I put the kit in a patterned gift bag and taped a card with a contrasting design on the outside. That was the official wrapping for this gift. However, it was wrapped before The Gifted Blog began, so I didn’t think to take a picture of it. Luckily, H. was kind enough to bring the gift to our apartment so I could snap some photos (yes, the kind of thing you can only ask of a friend…”Um, can you bring the gift that I gave you back to my house?”).

I like this as an alternative to throwaway wrapping. It might be nice to make a variation for gift certificates or other flat items.

For today’s free idea – an Instructables tutorial on making a gift box out of a cereal box. Click here for the step-by-step.

If this seems like too much work for you but you like the concept, go the simple route by disassembling a cereal box and regluing it inside out!

Looking for more free gift wrap ideas? Try the “Free Ideas” category link to the right!

Since a blog inevitably reflects its author, most of the ideas on The Gifted Blog are do-it-yourself. But, not everyone wants to make things from scratch! So, as I am able, I am pleased to feature products you can incorporate into your gift wrapping practice.

For this feature, many thanks to Connie of Flip Flop Fancy Tags for sending me an assortment of her miniature gift tags. She writes, “I started making tags because I have a clothing line and wanted cute little tags for my outfits. I started making them for my clothing and fell in love with creating tags for gifts.”

When I opened the envelope, I was struck by how little the tags are – just 1 3/4″ x 1 3/4″! They are embellished with a variety of paper trims and ribbons.

When I asked Connie what inspires her gift tags, she mentioned that she loves shabby chic items. I think that’s reflected in the scrapbook-y style of these tags!

We have some new neighbors in our apartment, so I made them some pear cake as a welcome gift. Our friends from church brought down a ton of pears they picked in the husband’s hometown (thank you, O. and J.!).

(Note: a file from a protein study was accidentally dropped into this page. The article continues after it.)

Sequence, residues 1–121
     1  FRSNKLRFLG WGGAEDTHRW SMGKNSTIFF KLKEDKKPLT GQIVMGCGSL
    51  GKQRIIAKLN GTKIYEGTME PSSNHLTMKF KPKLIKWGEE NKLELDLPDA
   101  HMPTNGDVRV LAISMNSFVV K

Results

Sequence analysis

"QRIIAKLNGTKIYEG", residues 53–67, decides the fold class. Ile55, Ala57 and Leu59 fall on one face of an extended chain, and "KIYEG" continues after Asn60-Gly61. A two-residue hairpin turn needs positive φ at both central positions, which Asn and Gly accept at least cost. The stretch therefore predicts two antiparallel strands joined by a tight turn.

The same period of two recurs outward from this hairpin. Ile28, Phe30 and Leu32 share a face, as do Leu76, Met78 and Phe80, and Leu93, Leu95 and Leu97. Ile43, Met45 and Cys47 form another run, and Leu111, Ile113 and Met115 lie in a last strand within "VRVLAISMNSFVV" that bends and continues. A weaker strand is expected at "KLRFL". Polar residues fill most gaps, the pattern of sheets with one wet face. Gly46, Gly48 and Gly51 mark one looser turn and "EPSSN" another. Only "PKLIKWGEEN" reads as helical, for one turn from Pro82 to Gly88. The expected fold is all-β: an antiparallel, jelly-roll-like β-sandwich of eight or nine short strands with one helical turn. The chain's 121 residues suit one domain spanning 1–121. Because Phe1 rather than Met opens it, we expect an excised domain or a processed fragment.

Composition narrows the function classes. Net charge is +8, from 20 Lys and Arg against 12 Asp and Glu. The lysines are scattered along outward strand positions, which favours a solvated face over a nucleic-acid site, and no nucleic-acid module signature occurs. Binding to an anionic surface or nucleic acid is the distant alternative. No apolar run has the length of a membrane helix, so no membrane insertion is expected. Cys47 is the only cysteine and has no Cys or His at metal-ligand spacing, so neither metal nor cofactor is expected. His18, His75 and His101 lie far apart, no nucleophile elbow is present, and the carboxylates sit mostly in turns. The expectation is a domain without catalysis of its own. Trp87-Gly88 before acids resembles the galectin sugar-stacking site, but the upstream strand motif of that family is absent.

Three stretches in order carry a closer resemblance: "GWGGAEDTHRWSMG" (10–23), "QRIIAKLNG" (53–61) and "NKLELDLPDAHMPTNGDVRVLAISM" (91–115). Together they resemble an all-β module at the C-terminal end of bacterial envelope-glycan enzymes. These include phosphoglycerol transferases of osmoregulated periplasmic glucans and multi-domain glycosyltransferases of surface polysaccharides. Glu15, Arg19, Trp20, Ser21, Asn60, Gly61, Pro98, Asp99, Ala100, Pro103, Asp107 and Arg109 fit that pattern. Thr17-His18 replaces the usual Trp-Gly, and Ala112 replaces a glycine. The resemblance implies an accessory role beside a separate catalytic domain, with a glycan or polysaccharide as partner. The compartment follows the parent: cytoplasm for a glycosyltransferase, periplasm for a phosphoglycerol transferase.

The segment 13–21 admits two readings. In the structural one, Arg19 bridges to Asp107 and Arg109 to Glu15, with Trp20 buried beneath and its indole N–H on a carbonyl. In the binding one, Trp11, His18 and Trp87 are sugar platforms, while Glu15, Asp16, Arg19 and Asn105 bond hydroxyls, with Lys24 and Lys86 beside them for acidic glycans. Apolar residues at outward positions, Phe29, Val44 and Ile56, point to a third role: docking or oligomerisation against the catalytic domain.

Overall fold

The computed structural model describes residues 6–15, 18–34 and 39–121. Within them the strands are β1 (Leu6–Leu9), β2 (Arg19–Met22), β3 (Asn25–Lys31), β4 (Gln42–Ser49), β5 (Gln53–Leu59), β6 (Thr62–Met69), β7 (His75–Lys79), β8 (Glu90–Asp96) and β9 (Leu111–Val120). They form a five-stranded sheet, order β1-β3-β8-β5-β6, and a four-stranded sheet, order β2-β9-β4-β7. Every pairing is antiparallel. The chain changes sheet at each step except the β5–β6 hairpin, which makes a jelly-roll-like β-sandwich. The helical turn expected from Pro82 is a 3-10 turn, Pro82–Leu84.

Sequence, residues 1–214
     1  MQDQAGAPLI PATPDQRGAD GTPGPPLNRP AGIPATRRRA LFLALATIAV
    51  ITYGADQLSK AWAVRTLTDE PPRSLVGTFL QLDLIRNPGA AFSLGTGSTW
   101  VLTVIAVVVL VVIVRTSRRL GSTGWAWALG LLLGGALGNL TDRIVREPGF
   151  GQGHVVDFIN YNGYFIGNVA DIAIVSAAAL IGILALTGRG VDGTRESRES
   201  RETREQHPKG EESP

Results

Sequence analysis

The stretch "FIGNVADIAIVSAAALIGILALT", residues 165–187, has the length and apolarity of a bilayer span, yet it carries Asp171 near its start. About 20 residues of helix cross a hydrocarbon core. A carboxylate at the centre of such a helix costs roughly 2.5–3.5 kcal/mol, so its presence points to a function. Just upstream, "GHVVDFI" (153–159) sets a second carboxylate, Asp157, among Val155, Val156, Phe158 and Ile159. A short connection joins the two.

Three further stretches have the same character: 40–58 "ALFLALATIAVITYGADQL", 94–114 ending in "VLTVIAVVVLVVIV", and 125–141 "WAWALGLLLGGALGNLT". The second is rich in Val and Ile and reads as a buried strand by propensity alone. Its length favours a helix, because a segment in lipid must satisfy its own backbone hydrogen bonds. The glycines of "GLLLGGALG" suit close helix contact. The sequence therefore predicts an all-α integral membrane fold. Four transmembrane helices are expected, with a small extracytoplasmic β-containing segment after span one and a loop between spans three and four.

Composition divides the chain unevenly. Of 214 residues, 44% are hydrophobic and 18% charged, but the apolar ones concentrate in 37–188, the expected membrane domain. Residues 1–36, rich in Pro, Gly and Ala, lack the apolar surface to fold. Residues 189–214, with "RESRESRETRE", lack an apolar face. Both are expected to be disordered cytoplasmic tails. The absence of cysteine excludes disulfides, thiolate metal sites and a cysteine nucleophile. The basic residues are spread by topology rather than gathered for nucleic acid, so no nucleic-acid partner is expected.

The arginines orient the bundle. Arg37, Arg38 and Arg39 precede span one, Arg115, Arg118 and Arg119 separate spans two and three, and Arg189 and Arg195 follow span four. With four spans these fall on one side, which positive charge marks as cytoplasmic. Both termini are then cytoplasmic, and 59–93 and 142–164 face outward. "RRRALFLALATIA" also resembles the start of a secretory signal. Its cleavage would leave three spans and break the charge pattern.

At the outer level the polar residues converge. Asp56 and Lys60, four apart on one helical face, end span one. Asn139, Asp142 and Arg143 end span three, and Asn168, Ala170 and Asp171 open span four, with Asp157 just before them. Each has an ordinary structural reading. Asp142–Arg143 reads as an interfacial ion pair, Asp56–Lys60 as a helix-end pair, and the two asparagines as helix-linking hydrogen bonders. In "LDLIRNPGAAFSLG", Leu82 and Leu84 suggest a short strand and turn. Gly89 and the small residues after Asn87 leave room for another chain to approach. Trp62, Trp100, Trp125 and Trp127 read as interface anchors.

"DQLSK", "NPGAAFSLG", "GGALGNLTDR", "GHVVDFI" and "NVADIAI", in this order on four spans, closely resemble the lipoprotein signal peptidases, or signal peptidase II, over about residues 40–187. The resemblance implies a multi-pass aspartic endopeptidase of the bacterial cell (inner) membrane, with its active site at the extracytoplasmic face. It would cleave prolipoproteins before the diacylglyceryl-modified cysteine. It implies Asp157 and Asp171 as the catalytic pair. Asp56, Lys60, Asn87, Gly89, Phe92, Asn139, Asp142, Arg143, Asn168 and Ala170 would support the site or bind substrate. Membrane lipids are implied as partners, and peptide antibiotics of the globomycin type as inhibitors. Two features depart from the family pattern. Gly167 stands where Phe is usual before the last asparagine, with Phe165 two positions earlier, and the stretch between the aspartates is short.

I used this recipe from All Buttoned Up, a blog I very much admire. This cake is awesome! Super easy, doesn’t dirty a lot of stuff in the kitchen, spicy and perfect for fall. My husband and I could polish a pan off by ourselves.

I put it in one of our new glass storage containers, then added a bow and coordinating Flip Flop Fancy tag.

So cute – I hope they liked it!

To spread the enjoyment, I am hosting another giveaway! To enter, leave a comment before 8pm Friday (PST) with your biggest pet peeve about gift wrapping.

I will pick a random number. The lucky winner will receive a set of five tags, courtesy Flip Flop Fancy Tags!

Good luck!

Hello! The post you are looking for now lives at my new site,!
Read all about it right here: Inspired By: Lupin of Bugs and Fishes.

This Wrap Story is a part of a mini-series, documenting every present I’ve wrapped since the launch of this blog. For more, click the “Wrap Story” link at the bottom of the post!

A friend, E., was married this summer, and I had the privilege of attending her bridal shower in the weeks leading up to the big day. It was a gray morning, but we enjoyed good company and funny games at a neighborhood park.

Images courtesy Jessica Jew

By this time I had started work on Gifted, a line of reusable gift wrap. I was in the process of sewing several cloth gift bags, but what next? Knowing the gift bags couldn’t accommodate every size gift, I wanted to make something that could be used with a larger present.

With the goal of making another beautiful, user-friendly product, I made a rose that could be used in place of a bow. I had great material on hand – a cashmere top that never fit right. It felt luxurious, perfect for a bridal shower gift. I was pleased that its deep red matched one of the bride and groom’s wedding colors.

I sewed the rose and attached it to an unbleached elastic band. I got excited about the thought that E. could use it again. I glued two paper leaves to the box (wrapped, as you see, with kraft paper) and used one as the “to/from” tag.

Present-opening time! Here’s the happy bride-to-be.

She opened the gift and something spontaneous happened. Some of the shower guests said, “Oh! You could use it as a headband!” E. obliged and put the rose on. Doesn’t she look cute? I felt so happy that this gift wrapping turned into a small experience of its own, contributing to the fun, festive atmosphere.

It’s probably too lofty a goal to have every gift I wrap turn into a dress-up experience, but it was pretty fun to have it turn out this way this time.